- Government raised tarrifs by more than 100% on some items
- Affected goods include household appliances, clothing
Egypt has raised tariffs on a range of imported items from pet foods to nuts and watches as authorities seek to reduce the country’s import bill to save dollars.
The presidential decree published in the official Gazette on Sunday affects hundreds of items such as household appliances, clothing, shoes, watches as well as food for dogs and cats. Customs tariffs were raised by as much as 100 percent on items such as some fruits and nuts, while duties on other goods were increased between 25 percent and 50 percent.
Magdy Abdel Aziz, the head of Egypt’s customs authority, said the new tariffs would help local industry as well as “lessen pressure on foreign currency” demand, according to an e-mailed statement from the finance ministry Sunday.
Egypt’s foreign currency resources have been squeezed by falling tourism revenue and a drop in exports and Suez Canal tolls. Authorities have tightened rules on financing imports of goods deemed non-essential, and the central bank, under Governor Tarek Amer, has raised interest rates and repaid funds owed to stock and bond investors to boost confidence in the economy.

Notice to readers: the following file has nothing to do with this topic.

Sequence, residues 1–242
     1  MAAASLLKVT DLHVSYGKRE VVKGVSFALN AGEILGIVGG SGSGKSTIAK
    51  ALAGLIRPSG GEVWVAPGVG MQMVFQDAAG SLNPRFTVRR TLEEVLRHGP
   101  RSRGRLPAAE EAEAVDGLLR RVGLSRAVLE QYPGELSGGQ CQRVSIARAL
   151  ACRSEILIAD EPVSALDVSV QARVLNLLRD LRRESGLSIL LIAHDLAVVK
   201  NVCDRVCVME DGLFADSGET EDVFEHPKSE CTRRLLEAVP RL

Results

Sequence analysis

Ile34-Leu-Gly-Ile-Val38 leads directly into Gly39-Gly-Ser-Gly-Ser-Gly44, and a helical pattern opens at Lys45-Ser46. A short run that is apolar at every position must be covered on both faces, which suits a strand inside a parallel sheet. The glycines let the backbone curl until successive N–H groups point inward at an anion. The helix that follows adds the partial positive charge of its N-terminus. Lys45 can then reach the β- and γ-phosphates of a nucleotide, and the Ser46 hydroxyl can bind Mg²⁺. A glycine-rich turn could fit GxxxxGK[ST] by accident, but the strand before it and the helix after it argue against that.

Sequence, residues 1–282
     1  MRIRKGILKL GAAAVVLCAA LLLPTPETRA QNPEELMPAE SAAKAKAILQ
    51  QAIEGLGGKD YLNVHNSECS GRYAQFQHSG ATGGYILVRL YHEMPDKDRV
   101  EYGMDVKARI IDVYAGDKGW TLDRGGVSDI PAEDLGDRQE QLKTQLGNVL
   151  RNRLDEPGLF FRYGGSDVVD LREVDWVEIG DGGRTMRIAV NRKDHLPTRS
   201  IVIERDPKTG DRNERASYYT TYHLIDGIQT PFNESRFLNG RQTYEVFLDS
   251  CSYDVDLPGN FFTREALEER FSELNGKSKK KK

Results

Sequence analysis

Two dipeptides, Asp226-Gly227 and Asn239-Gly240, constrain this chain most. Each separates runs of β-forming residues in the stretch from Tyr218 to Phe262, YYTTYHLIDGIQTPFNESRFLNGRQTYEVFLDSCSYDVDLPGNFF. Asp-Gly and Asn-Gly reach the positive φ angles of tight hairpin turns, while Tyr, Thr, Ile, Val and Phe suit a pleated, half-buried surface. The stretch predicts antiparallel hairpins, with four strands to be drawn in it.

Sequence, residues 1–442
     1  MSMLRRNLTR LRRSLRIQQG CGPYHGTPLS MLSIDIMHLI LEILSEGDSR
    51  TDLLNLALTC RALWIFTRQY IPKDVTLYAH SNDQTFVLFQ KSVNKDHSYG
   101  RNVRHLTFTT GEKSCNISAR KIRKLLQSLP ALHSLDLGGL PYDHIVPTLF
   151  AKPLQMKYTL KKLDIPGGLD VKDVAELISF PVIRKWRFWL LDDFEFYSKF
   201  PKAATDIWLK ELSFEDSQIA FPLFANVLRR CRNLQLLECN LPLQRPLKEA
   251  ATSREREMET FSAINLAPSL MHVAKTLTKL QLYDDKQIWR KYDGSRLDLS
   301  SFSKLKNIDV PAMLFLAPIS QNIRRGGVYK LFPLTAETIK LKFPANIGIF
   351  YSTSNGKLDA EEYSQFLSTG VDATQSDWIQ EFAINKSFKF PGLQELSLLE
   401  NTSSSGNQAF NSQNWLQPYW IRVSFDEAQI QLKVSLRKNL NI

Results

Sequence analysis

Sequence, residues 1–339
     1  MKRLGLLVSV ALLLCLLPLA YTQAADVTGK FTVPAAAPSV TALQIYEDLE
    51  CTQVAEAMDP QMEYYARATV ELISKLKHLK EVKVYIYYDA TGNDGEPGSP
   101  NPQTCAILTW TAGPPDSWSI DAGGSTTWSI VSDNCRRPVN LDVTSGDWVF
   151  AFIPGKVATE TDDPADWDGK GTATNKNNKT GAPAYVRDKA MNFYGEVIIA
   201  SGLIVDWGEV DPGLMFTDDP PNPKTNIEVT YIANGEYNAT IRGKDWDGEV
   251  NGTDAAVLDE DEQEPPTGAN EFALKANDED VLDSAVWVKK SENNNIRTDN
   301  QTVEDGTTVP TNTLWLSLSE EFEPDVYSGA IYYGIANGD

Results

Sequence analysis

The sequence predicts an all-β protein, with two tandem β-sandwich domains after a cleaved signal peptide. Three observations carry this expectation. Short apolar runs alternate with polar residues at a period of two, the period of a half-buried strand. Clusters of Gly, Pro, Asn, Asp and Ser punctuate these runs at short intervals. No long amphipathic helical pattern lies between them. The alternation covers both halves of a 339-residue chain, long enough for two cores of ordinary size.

“Most of the affected items are luxury rather than basic commodities,” said Ziad Waleed, an economist at Beltone Financial, a Cairo-based investment bank. “So people who are buying these items in Egypt would simply pay higher prices. That could mean higher inflation on the ground but will not necessarily impact growth as much as the present foreign currency shortage.”
The central bank also increased the monthly deposit limit for importers of food, machinery, spare parts, capital goods and medicine to $250,000 from $50,000.
Amer said in an interview this month that rules to curb what he described as unnecessary imports may save about $20 billion this year, improving the balance of payments. Egypt imported $61 billion worth of goods in the fiscal year that ended June 30, according to official data, almost three times the value of its exports.